An Analysis of Factors Affecting Medical Students’ Choice to Practice Primary Care Medicine
April 4th, 2014 by webmaster
By: Barrett Hatches, Ph.D., Cohort 4
There is a general acknowledgement among researchers, health care professionals, policy makers and numerous other stakeholders that access to health care in the United States is not equitable for all individuals. Moreover, research has demonstrated a link between access to quality health care and positive health outcomes (Ferraro & Farmer, 2005). Research also indicates that access to primary care medicine is a vital aspect of good health (Rosenthal, 2008; Cardarelli & Chiapa, 2007; Ferrer, 2007). Nonetheless, millions of Americans have limited access to high quality medical care. This longstanding issue results from several interrelated characteristics of the health care delivery system: a) insufficient numbers of medical students choosing to practice primary cared medicine, b) large numbers of Americans without health insurance, c) large numbers of individuals being underinsured, d) misdistribution of physicians throughout the country, and e) health care financing/reimbursement policies.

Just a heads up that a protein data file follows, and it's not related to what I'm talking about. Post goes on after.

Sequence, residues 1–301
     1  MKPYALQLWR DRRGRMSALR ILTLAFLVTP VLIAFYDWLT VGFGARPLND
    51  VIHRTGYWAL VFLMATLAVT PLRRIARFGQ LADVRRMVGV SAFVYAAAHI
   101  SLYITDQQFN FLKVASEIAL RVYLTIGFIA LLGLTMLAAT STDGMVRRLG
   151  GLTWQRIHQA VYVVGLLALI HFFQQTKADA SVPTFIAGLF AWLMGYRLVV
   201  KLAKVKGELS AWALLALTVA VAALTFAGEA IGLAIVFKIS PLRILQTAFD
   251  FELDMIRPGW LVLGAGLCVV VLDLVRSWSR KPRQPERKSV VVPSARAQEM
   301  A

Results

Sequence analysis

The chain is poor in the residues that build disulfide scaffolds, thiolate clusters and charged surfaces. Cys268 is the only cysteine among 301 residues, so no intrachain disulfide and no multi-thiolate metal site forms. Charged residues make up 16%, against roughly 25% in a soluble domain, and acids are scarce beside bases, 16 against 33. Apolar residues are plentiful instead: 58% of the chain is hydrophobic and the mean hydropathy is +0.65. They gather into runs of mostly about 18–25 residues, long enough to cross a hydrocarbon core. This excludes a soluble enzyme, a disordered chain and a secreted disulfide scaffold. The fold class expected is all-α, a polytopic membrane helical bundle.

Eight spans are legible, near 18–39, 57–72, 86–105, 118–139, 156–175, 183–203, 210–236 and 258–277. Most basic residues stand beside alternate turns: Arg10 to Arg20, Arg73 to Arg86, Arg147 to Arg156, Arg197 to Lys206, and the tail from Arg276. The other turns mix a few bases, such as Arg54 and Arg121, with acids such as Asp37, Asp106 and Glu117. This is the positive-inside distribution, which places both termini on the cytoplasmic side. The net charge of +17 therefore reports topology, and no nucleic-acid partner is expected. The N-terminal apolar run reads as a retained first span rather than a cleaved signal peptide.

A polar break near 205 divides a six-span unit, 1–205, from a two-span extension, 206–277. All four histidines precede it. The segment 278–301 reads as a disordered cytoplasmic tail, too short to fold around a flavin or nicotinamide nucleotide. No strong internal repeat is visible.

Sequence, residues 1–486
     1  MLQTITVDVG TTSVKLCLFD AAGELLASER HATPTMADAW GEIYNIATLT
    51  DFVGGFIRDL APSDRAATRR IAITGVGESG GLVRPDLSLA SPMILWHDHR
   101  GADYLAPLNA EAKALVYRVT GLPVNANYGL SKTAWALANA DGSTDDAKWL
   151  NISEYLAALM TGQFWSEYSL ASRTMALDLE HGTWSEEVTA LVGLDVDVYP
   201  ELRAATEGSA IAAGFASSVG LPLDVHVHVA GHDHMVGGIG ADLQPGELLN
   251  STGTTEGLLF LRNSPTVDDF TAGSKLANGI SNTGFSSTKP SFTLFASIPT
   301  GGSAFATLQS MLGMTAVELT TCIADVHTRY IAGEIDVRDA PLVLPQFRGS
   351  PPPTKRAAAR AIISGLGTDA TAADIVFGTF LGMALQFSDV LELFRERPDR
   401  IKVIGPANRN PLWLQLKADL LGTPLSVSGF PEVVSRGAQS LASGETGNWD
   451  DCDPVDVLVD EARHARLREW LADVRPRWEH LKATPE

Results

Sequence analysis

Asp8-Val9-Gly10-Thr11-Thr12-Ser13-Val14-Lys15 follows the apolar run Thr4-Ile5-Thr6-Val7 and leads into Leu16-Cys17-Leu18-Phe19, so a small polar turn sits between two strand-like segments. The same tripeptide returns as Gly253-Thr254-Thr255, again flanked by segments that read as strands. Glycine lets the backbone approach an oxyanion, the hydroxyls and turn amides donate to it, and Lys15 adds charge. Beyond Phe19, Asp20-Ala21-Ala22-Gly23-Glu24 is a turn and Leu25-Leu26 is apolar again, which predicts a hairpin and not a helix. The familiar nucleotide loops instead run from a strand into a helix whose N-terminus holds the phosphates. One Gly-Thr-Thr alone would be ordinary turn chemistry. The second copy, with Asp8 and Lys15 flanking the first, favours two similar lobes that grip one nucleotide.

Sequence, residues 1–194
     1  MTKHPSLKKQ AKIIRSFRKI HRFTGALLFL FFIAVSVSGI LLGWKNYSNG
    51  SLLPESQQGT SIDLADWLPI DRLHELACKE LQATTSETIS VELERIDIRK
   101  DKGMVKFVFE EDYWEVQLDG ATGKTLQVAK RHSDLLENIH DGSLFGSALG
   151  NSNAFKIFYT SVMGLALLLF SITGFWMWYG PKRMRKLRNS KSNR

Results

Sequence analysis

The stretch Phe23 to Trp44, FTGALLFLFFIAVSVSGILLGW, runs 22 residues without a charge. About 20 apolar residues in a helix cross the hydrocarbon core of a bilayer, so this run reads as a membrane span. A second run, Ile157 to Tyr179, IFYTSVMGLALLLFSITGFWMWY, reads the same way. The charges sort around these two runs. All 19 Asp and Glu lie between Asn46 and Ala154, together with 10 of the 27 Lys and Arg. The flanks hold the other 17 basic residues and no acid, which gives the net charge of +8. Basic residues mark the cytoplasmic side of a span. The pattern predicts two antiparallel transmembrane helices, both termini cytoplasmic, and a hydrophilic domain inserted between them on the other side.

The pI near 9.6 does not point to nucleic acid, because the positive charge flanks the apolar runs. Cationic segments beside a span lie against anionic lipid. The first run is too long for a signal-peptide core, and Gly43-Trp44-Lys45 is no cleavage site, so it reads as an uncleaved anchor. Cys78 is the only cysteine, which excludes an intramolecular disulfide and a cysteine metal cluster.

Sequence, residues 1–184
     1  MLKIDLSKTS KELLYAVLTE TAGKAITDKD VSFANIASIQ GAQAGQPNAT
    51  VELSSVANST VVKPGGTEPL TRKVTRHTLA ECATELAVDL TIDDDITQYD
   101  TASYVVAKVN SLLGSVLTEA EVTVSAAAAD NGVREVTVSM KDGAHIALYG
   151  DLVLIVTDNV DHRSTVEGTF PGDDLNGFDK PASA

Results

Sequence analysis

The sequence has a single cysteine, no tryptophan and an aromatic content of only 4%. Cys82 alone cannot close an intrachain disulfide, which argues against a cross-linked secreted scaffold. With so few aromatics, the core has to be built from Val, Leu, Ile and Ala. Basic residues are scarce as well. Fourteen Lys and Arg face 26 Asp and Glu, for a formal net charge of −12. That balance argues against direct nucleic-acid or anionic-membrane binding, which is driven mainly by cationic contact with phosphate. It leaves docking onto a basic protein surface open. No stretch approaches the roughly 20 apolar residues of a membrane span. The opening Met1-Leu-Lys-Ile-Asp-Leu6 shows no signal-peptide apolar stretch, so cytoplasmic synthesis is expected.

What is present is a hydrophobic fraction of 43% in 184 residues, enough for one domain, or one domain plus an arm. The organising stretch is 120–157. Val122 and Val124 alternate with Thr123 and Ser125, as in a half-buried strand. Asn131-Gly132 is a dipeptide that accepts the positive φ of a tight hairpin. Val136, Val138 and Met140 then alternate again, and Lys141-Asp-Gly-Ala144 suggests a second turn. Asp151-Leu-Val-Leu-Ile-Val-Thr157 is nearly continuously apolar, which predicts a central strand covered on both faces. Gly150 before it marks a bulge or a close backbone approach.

Using a correlation research design, this study examined factors that affect student choice to practice primary care medicine and analyzed the relationship between student choice to practice primary care medicine, student values, and medical student demographics using the Schwartz’s Values Inventory (SVI). The sample consisted of 61 students that were currently enrolled in one of the oldest medical schools located in the southeastern region of the United States. The independent variables included student values, medical student’s demographics, and faculty values. The dependent variables were practice preference type and practice location.
The findings regarding medical students’ values indicate the power was the least important value for participants in this study, while conformity, self-direction, achievement, and benevolence were very important values. Of these values, medical students’ mean score indicated the benevolence was the value with the most importance. Results of Pearson’s r revealed statistically significant correlations between place of location and the value subscales of power and self-direction. Pearson’s r analysis indicated a statistically significant correlation between age and practice preference; gender and practice preference; hometown and practice location. The findings pertaining to faculty values indicated that power was the least important value for faculty participants in this study, while benevolence, self-direction and achievement are very important values. Of these values, faculty mean score revealed that benevolence was the value with the most importance. Regression analysis revealed that two values (security and universalism) significantly predicted medical students’ choice of practice location supporting previous research.